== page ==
Wednesday, March 04, 2009


There's something therapeutic about turning lumber into sawdust; ranking right up there with the life-centering results of turning your own cut and split firewood into heat and light.

If there's one resource I have in abundance on Eegeebeegee, it is timber. The ridges and creek bottoms are covered in hardwood stands, interspersed with mature pine and cedar. Each of my three large fields are edged by stands of planted loblolly pine, ranging between five and ten years old. In short, the Colonel has a long-term renewable resource that could serve me and mine for several generations; if me and mine will stay disciplined in its stewardship. Dawns on me, as I sit here converting electrical impulses into palmar and dorsal interossei movement and thereby into this electronic missive (I know it amazes those of you who know the Colonel well, that he is able to do two things at the same time), that I need to put some unequivocal language in my will to instruct my progeny, and theirs, regarding long-term maintenance of this valuable resource: NO CLEAR-CUTTING.

As those of you who have wasted valuable time reading this voluble vomitus for more than a few months know, the Colonel is a proud possessor of a long-dreamt-of workshop with enough room to house large and multiple projects and the large and multiple power tools with which to accomplish said projects. The really good news in this story is that the Colonel has been doing his part to stimulate the economy by throwing copious wads of cash (well, swiping a magnetic strip) at the local big box hardware store in return for the aforementioned tools to populate the aforementioned workshop. Next on my wish list (purchase pending approval of the spending bill containing the earmark I have asked my congressman to include for improvement of the grounds of the capital of the Tallahatchie Free State) is a radial arm saw (excuse me while I pause for a short session of monosyllabic guttural utterances signifying manproval).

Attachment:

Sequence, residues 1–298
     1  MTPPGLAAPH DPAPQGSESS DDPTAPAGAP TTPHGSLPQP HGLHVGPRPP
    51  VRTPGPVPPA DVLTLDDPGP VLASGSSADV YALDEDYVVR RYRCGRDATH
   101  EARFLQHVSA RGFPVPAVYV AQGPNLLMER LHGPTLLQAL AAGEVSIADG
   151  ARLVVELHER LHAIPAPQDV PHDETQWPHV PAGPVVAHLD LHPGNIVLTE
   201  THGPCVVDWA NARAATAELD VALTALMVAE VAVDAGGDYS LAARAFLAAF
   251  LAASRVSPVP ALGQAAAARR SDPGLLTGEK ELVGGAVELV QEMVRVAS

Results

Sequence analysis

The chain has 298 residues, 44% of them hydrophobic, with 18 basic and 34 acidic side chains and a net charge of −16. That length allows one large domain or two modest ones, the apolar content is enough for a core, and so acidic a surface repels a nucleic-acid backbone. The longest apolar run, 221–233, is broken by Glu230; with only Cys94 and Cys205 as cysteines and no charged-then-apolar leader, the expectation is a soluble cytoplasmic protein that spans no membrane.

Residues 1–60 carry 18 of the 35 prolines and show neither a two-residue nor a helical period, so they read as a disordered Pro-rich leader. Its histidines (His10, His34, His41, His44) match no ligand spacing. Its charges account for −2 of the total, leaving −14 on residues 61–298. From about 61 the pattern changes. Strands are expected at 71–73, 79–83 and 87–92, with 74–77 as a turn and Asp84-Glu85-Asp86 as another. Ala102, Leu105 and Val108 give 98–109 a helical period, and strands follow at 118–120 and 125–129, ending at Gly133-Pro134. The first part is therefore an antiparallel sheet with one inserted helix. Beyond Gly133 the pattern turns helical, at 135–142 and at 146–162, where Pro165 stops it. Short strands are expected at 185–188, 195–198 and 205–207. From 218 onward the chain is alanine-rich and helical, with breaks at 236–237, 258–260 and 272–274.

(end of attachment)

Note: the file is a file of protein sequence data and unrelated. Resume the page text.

In a former life, the Colonel received some training on systems efficiency. Unfortunately, the wrinkled mass of cells carrying that information has atrophied to an amorphous puddle of grey goo in a shallow recess of my brain housing group. But, I have never been one to allow a lack of intelligence or education (I didn't go to college--I attended Ole Miss) to prevent my progress. So, I have developed a plan for presentation to the Tallahatchie Free State purchasing committee (chaired by the comely and kind-hearted Miss Brenda). Said plan includes a line and box diagram depicting the Eegeebeegee sawdust production system deemed critical to the continued mental and physical well-being of the Colonel (he whose retirement income maintains Miss Brenda in the standard of living to which she has grown accustomed). She has accepted my need for, and has approved purchase of the aforementioned radial arm saw (excuse me while I pause for a short session of monosyllabic guttural utterances of manproval). She will, of course, recognize immediately that there is a glaring gap in the Eegeebeegee sawdust production system processes right between the box entitled "timber" and the box marked "radial arm saw" (excuse me while I pause know the drill...join me).

I need a sawmill.
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